Stanford is doing a series on groundwater use and policy problems in California, beginning with a great title, “Ignore it and it might go away“, referring to its unregulated use. They tell us that six million Californians rely on groundwater solely for their water supply (mostly in the Central Valley or Central Coast); 85% of California’s population relies on it to some degree; and California’s $45 billion agriculture industry relies upon it. Unfortunately, the state’s antiquated laws concerning groundwater use allow for secrecy, unfettered use, and depletion.
In that article, they inform us what ground water is:
Contrary to a popular misconception of an underground river or lake, groundwater is found in the tiny spaces between sand and gravel and rock. Glaciers left some of that water thousands of years ago, while much of it is regularly replenished by snowmelt, rain and surface rivers and streams.
A lesser known story is how much electricity is required to pump this groundwater, and as it depletes, the amount of electricity needed grows ever larger to pump from deeper depths. Earlier this year, a news reporter friend of mine told me that a large landowner in California’s Central Valley was paying 3 million dollars per month for electricity to pump water. Previously, I wrote about how much energy is required to move water in California.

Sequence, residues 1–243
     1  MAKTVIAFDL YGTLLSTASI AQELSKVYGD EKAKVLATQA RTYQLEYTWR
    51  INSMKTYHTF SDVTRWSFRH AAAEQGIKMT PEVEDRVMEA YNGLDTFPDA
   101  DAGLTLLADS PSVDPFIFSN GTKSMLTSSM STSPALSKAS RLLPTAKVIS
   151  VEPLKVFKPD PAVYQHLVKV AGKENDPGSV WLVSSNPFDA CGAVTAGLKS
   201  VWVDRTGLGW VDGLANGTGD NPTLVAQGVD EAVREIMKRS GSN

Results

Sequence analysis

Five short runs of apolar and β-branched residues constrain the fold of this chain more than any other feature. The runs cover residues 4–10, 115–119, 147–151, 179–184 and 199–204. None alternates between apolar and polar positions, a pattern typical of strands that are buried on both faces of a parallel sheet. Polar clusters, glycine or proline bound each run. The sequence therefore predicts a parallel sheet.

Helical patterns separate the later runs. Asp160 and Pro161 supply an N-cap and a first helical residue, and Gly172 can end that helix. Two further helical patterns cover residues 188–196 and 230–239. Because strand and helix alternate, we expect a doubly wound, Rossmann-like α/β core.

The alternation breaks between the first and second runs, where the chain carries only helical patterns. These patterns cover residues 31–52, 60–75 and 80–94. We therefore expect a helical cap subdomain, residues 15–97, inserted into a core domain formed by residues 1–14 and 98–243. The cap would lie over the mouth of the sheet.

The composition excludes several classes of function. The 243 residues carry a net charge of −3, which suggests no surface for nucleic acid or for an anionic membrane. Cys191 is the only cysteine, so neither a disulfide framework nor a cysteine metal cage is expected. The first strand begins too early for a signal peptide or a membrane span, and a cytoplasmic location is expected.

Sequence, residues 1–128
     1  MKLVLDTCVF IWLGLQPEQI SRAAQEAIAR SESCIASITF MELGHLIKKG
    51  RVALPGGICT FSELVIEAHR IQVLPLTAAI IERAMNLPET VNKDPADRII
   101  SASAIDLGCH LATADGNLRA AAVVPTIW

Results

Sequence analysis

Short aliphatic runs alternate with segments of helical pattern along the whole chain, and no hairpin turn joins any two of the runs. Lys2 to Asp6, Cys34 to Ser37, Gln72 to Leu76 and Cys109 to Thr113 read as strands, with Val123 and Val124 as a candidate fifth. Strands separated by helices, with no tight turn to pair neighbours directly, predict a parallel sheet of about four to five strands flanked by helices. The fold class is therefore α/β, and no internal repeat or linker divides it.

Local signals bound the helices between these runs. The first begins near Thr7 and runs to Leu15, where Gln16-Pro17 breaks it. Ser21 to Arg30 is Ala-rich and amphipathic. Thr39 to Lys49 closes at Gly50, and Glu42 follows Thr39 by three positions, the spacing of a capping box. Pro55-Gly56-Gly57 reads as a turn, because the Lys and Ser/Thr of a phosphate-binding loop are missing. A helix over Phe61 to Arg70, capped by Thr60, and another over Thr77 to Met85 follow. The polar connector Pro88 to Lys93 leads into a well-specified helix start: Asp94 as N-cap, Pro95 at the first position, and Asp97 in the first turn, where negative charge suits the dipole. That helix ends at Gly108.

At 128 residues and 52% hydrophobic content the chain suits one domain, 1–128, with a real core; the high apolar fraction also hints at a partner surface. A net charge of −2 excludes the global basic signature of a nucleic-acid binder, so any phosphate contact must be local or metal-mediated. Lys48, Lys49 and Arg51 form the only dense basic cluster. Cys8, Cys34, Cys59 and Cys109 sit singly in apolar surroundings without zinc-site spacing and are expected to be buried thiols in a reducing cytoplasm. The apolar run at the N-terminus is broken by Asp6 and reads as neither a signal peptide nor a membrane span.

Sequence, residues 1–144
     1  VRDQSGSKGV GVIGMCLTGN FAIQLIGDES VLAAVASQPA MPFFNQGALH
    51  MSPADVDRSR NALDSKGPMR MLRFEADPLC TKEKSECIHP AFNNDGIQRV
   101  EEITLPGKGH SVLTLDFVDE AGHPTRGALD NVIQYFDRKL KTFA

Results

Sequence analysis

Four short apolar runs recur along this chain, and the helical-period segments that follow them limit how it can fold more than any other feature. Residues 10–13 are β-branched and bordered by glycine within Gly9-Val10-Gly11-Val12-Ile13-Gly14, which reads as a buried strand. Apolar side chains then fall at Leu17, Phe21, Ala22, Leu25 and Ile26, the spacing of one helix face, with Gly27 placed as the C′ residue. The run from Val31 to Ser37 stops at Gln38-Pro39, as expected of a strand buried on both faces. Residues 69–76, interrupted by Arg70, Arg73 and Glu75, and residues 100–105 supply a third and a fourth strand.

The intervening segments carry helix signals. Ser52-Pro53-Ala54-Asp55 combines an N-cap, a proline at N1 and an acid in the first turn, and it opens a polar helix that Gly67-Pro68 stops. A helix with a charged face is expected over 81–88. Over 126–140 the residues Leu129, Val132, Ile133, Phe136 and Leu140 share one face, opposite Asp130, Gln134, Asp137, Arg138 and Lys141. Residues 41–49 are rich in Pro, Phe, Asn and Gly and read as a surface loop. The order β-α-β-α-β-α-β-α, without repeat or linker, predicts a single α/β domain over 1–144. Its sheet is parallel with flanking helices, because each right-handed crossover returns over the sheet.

According to the Association of California Water Agencies, water agencies account for 7 percent of California’s energy consumption and 5 percent of the summer peak demand.
California’s State Water Project uses 2 to 3 percent of all electricity consumed in California, including the electricity required to pump water 2,000 feet up over the Tehachapi Mountains, the highest lift of any water system in the world to supply southern Californians with water.
These percentages don’t include the farmers who pump water out of the ground, plus other users. And we all know that it takes a lot of water to make electricity, too.
Estimates tell us that between 19 – 23 percent of California’s total electrical consumption is used for water pumping, treating, collecting and discharging water, and most of that is used for farming.
We are facing a vicious cycle of quests for energy and water coupled with our human desire to live in the wonderful desert oasis climates.
ADDENDUM . . . Just so happens PBS Newshour covered this same story today, so I am adding their fine video to this post.